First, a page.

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Martin Scorsese came to the Telluride Film Festival on Saturday not to unveil his latest film, The Irishman — which will open the New York Film Festival next month — but solely to participate in a festival tribute to the iconic French filmmaker Agnes Varda, whom he first met here back in 1977 and who died on March 29 at the age of 90. He described her as “one of the gods,” noting, “We became friends — and stayed friends.”
Joining Scorsese at the Palm Theatre on a panel moderated by Columbia University film professor Annette Insdorf, ahead of a screening of Varda’s final film, Varda by Agnes, were Varda’s two children, both with the late French filmmaker Jacques Demy, Rosalie Demy and Mathieu Demy, and Telluride Film Festival founder Tom Luddy, who was Varda’s assistant on two films that she made in San Francisco in the late 1960s.
Insdorf, in her opening remarks, noted that the diminutive Varda was “the only female who was associated with” the group of maverick filmmakers who came to be credited with the French New Wave, and through her life and work “gave lie not only to sexism, but also to ageism.” Indeed, back on March 2, 2018, Varda, in garnering a best documentary feature Oscar nomination for Faces/Places, which she directed with the artist JR, became the oldest Oscar nominee ever, less than a year after she was presented with an honorary Oscar that noted “her compassion and curiosity inform a uniquely personal cinema.”
Rosalie Demy remembered that while growing up, “Each time the phone would ring, Jacques would say, ‘It’s Hollywood!’ Of course, it wasn’t Hollywood. But then one day, it was Hollywood.” It was 1967, Columbia signed Jacques Demy to a contract and Varda and their kids joined him in relocating to Los Angeles, where, Rosalie Demy recalls, “Everybody wanted to meet them” to learn how to make films outside of the studio system — and Varda learned English and continued to make films of her own.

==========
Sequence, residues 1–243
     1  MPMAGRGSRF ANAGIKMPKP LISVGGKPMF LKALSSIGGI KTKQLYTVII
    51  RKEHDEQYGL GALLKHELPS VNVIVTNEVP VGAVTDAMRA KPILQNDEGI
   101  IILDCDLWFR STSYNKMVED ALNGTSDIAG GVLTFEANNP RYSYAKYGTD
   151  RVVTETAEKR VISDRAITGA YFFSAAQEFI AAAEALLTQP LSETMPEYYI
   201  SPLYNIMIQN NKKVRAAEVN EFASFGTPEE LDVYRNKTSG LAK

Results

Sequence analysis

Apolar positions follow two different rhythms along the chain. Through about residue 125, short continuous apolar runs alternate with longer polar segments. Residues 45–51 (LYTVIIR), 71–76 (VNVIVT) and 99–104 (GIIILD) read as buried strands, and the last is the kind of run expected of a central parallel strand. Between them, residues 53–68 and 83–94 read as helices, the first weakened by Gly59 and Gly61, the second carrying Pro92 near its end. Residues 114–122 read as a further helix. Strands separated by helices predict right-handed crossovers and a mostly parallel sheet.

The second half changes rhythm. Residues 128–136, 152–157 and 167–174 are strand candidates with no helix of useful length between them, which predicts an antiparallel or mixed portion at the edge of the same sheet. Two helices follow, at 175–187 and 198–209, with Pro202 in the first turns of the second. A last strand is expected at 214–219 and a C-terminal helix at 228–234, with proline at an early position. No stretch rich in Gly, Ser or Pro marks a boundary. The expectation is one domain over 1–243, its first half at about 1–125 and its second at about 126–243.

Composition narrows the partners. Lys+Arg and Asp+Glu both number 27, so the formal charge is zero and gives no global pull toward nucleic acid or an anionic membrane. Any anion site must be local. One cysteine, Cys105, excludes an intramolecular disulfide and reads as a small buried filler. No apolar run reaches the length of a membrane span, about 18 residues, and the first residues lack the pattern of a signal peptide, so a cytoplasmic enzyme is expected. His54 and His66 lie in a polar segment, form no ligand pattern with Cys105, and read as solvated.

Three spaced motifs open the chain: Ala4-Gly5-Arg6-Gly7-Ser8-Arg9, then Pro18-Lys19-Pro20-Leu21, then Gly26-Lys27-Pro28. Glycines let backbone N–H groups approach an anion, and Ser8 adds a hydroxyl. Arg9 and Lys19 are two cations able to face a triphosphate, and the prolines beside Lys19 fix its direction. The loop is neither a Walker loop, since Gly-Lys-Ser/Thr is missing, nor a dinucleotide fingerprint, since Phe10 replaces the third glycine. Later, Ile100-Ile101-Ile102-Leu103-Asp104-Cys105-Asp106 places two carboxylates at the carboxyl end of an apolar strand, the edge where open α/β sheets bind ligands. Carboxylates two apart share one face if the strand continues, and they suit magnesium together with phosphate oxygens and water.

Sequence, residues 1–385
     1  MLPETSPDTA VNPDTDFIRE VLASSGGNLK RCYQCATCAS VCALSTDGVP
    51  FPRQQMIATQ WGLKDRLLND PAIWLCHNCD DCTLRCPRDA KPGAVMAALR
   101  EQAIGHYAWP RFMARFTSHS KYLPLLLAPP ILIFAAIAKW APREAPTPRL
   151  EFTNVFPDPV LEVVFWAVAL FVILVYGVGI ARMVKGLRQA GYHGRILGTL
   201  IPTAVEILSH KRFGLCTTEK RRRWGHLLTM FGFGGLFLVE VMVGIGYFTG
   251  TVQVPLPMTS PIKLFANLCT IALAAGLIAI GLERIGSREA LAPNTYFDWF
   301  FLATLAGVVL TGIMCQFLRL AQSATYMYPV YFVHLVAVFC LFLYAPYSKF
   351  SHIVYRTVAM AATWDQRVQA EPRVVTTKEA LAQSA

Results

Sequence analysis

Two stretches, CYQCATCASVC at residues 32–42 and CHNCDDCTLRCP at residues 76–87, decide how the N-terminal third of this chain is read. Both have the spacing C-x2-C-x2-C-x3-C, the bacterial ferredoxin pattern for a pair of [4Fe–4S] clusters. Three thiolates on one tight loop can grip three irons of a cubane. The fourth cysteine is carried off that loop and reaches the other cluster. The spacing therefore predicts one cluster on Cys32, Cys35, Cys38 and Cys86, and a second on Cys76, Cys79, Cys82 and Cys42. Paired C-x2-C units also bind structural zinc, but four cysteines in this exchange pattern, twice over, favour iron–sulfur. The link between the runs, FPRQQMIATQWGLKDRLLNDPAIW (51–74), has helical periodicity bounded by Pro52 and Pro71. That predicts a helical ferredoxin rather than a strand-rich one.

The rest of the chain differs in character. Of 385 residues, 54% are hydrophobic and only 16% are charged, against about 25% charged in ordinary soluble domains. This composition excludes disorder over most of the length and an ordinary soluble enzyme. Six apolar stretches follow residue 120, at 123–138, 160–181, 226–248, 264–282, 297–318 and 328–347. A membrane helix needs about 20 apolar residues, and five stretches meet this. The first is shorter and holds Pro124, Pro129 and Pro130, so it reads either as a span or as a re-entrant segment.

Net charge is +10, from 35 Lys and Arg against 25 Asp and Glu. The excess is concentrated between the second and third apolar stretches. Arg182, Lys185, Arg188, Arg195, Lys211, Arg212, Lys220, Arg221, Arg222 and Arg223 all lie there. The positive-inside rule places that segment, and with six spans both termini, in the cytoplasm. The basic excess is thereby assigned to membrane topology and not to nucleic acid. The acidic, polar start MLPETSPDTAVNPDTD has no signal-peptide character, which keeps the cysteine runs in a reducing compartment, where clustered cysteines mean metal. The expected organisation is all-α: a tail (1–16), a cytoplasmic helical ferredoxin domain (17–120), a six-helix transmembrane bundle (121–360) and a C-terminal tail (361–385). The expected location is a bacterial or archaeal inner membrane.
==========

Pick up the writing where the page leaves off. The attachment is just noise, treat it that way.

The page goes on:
Mathieu Demy noted that his mother’s personal and professional life were “always mixed together.” Luddy recounted the funny story of how he was tasked by his boss at the San Francisco Film Festival with showing Varda around the city when she came to town, and the next day was working for her on a documentary, emphasizing, “She was the type of person you can’t say ‘no’ to.”
But it was Scorsese who gave the most lengthy and powerful summation of Varda, the inimitable character, delivering a soliloquy of some 15 minutes. “She was a wonder to me, reinventing constantly,” he said, calling her “an inspiration” and marveling, “She immediately picked up digital.” He also noted that Varda would often show up unannounced when he was at work, and that he was always happy to see her, knowing that he would always get the straight truth from her.
“She wasn’t too happy with Kundun [Scorsese’s 1997 film],” Scorsese recalled with a chuckle, noting that he showed her a rough cut of the film. “She came the night of the Wolf of Wall Street premiere,” he continued, adding with a laugh, “She didn’t say anything to me about the film.” And, he noted, “she was in the editing room for Silence [Scorsese’s 2016 film]. And she came on the set of The Irishman.”
He elaborated about their interactions in his trailer on the set of The Irishman: “She said, ‘How long is the script?’ I said, ‘Agnes’ — I knew this was gonna get her — I said, ‘Well, it’s about 180 pages.’ She said, ‘[Gasping with exasperation] You can’t do these kind of things! It’s too much for you! It’s really too much!’ I couldn’t explain that it’s Netflix, and we’re doing something different, and it’s an experiment — and I got a lot of the inspiration from her, you know? Because she didn’t care — ‘There are no rules!’ That’s the key to her work.”
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